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the engagement, and was advised to retire to the rear. He thought, however, he could stand the fatigues of the day, and stoutly held to his command; in a few hours afterwards, he fell, mortally wounded. It was pleasant to listen to the words of praise which General Custar bestowed upon his fallen comrade. Mr. Lowell was succeeded as agent for Massachusetts in Washington by Charles H. Dalton, of Boston, who was commissioned assistant quartermaster-general, with the rank of colonel, May 23, 1861. Of his services we shall speak hereafter. On the 2d of May, Governor Andrew addressed the following letter to Dr. Samuel G. Howe:— Executive Department, Boston, May 2, 1861. To Dr. Samuel G. Howe, Boston. my dear Sir,—The Massachusetts Volunteer Militia now in the field demand and deserve our anxious care, as well in respect to their sanitary condition (including their medical and surgical supplies and attendance, their nursing and comfort in sickness), as also in respect to t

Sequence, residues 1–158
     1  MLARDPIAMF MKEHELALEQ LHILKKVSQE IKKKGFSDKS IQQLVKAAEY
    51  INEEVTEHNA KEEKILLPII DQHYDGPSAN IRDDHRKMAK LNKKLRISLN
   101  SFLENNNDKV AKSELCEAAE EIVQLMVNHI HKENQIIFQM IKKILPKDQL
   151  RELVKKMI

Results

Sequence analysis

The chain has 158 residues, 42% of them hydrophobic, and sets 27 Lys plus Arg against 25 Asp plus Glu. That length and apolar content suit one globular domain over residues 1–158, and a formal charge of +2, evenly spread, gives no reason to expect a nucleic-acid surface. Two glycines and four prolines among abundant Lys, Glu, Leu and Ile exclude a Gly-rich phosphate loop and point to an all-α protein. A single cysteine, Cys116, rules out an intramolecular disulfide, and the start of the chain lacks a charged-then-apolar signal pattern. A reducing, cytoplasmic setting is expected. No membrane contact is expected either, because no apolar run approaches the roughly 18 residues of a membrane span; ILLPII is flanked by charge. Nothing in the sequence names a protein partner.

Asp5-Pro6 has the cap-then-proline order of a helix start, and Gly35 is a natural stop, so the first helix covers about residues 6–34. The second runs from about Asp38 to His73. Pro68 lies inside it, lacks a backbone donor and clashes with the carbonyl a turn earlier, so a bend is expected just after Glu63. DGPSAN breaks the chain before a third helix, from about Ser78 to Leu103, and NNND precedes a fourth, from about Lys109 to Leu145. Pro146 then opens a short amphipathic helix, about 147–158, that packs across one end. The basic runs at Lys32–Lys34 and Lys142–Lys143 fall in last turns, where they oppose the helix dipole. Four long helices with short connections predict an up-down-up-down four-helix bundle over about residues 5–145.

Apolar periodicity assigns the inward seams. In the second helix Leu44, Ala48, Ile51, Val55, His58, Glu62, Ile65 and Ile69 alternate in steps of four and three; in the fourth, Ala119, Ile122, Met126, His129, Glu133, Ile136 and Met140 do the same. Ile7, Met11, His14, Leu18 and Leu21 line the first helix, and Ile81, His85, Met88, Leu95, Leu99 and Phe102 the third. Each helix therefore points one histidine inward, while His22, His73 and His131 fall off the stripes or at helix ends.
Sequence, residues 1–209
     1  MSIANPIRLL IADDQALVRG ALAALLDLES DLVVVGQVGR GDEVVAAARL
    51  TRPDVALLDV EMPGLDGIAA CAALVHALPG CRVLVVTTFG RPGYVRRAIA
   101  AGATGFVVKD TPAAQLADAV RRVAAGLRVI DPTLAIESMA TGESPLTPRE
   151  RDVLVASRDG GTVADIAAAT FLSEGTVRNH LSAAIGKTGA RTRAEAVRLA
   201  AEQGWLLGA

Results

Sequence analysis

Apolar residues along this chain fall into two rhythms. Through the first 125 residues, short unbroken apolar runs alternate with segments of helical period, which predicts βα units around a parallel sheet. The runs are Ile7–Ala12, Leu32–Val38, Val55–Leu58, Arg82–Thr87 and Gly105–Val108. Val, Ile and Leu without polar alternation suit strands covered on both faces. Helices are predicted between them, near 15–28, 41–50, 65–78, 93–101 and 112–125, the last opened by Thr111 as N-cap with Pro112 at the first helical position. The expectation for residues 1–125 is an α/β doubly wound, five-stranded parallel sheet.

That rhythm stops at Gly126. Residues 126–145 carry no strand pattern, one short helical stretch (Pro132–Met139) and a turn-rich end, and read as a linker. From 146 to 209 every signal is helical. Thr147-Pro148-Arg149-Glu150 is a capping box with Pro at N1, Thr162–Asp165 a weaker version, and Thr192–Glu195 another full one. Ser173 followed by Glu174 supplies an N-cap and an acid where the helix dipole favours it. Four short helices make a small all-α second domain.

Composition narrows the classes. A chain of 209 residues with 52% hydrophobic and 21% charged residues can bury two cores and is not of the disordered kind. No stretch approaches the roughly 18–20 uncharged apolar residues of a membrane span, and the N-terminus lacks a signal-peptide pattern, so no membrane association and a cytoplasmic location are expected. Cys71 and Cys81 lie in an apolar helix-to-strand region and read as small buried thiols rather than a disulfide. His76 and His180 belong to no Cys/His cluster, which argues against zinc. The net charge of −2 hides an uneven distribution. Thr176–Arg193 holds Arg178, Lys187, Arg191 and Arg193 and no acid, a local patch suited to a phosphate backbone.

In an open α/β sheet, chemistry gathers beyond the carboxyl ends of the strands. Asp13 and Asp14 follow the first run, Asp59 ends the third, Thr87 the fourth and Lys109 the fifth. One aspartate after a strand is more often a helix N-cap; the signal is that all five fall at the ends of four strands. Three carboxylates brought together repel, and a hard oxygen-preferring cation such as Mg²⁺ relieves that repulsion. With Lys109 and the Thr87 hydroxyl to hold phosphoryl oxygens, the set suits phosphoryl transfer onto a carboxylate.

neral of Massachusetts, with the rank of colonel, which rank he held until May 14, 1864, when he was promoted by the Governor to the rank of brigadier-general. Charles H. Dalton was appointed assistant quartermaster-general, on the twenty-third day of May, 1861, with the rank of colonel. Colonel Dalton did very acceptable services at Washington, as the agent of the Governor, in the early part of the war, which were given gratuitously. William P. Lee and Waldo Adams, of Boston, were appoin leaves Boston for Washington, this evening; and any business you have in hand, when obliged to leave, you will give to his charge. Your obedient servant, Henry Lee, Jr., Aide-de-camp. Charles R. Lowell, Jr., Esq., Washington, D. C. May 23, 1861.—The Governor telegraphs to Hon. Charles Sumner, at Washington, Why can't I send a brigadier in Butler's place? It is my wish, and is only just to General Peirce. Butler recommends him. He is sound, faithful, and ardent. Answer immediately.